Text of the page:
“Risk comes from not knowing what you are doing.” — Warren Buffet
During the first half of 2018, CAPTRUST conducted its first annual survey of endowments and foundations. This survey addressed a variety of topics important to nonprofits and included questions about their goals, risk tolerance, asset allocation, performance, spending policy, governance, fundraising, and other current issues. Our goal was to gain insight into the issues that these organizations face and the ways they are addressing these issues. Above all, our intent was to tap into the peer-to-peer, collaborative nature of nonprofits and to share these gleanings with the community.
While not all the responses we received were complete, we received an excellent response, including information from over 150 nonprofit organizations across the U.S. In the coming months, as we analyze all the responses, we will release interesting trends and observations in bite-sized topical articles like this one.
While we are still in the early stages of evaluating the responses, our initial scan revealed some clear and noteworthy trends to start with. Most notably, there seems to be a disconnect between the return objectives and asset allocations of respondents with their risk tolerance.
Observation: Asset allocation is not universally aligned with return objectives.
It seems obvious to say that as return expectations increase, so too should an investor’s willingness to take risk and allocate to growth-oriented assets such as global equities. That trend was generally true for respondents across the data we evaluated—with a few exceptions.
For example, we found that nonprofits with target returns below 5 percent allocate an average of 41 percent to conservative assets like cash and bonds. For the other groups, as target return increases, that percentage drops—until you get to the group with the highest return expectation. The group with a target return of more than 8 percent has an average asset allocation about as conservative as the group targeting returns of 5 percent or less.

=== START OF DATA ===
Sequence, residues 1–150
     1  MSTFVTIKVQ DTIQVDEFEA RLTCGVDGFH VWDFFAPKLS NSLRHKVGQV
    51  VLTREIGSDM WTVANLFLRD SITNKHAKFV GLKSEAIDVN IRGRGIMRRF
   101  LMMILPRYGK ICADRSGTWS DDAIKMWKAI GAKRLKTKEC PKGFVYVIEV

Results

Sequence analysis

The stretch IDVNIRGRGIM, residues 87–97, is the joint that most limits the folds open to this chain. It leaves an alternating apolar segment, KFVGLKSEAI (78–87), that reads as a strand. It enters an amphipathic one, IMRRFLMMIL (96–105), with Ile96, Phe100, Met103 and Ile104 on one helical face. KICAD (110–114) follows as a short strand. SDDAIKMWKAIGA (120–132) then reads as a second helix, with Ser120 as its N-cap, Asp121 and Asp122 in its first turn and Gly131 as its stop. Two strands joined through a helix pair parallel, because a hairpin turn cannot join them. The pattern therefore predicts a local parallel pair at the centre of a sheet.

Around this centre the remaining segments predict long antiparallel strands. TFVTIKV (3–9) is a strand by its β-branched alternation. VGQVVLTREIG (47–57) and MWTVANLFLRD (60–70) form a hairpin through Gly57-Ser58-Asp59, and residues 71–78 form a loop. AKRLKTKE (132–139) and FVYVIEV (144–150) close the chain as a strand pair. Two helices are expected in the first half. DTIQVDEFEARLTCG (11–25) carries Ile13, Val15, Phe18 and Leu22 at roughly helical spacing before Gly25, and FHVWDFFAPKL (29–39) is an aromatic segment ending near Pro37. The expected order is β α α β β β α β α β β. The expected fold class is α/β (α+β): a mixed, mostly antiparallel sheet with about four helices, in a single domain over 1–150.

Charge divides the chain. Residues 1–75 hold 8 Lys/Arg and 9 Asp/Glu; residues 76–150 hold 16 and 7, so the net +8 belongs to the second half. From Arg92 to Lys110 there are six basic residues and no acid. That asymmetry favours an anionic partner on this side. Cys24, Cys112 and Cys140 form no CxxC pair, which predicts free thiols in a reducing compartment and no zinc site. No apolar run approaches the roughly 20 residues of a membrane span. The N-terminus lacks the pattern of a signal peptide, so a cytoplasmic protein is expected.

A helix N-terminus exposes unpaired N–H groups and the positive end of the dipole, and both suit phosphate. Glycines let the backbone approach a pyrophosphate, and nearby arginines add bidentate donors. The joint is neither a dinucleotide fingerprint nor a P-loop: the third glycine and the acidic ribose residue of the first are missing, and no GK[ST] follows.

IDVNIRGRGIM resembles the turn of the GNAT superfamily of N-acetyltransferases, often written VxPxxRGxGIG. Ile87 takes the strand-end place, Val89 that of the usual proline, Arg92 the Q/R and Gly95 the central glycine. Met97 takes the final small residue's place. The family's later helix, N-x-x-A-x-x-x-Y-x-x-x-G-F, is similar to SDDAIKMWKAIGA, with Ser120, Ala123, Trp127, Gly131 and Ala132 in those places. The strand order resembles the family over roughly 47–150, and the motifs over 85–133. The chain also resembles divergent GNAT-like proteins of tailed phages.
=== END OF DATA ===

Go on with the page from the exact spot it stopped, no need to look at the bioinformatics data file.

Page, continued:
Clearly, there is distortion exaggerated by the small sample sizes in the extreme target return groups. But even for the three more moderate groups, generating an additional 1 to 2 percent of return on average per year would require a much more significant reduction in conservative assets, especially in the current market environment. While asset allocation was generally more risk-oriented for those with higher return goals, the disparity in asset allocation is likely insufficient to generate additional returns consistent with expectations.
Figure One: Average Asset Allocation for Expected Return Peer Groups
Observation: Willingness to experience portfolio loss is not universally aligned with asset allocation or return objective.
We simulated the returns that respondents would have received based upon the average asset allocation using indexes for each of the return target peer groups. Our goal was to determine if that asset allocation would have delivered returns consistent with their expectations, absent manager selection and tactical asset allocation decisions.
The good news is that we found that the average allocation would have delivered returns consistent with (or higher than) their expectations over the last 5 years. This is not surprising given the strong equity bull market we have experienced over that period. However, for longer periods, organizations with higher return expectations would have likely fallen short of their goals. This is true even as the S&P 500 returned 8.5 percent for the 10-year period ending December 31.
Figure Two: Simulated Returns and Risk Tolerance for Expected Return Peer Groups
We asked these same organizations how large of a portfolio decline they were willing to experience in a given year to accomplish their long-term return objectives. Generally, there was more willingness to experience losses greater than 10 percent in a given year among those with the higher the return expectation. However, there were a few other noteworthy surprises.
The group with the highest return target also seems to be very risk-sensitive. Seventy-five percent of the group with a target return of more than 8 percent reported a willingness to accept a portfolio decline of up to 10 percent. And 50 percent is willing to accept a loss of only 5 percent.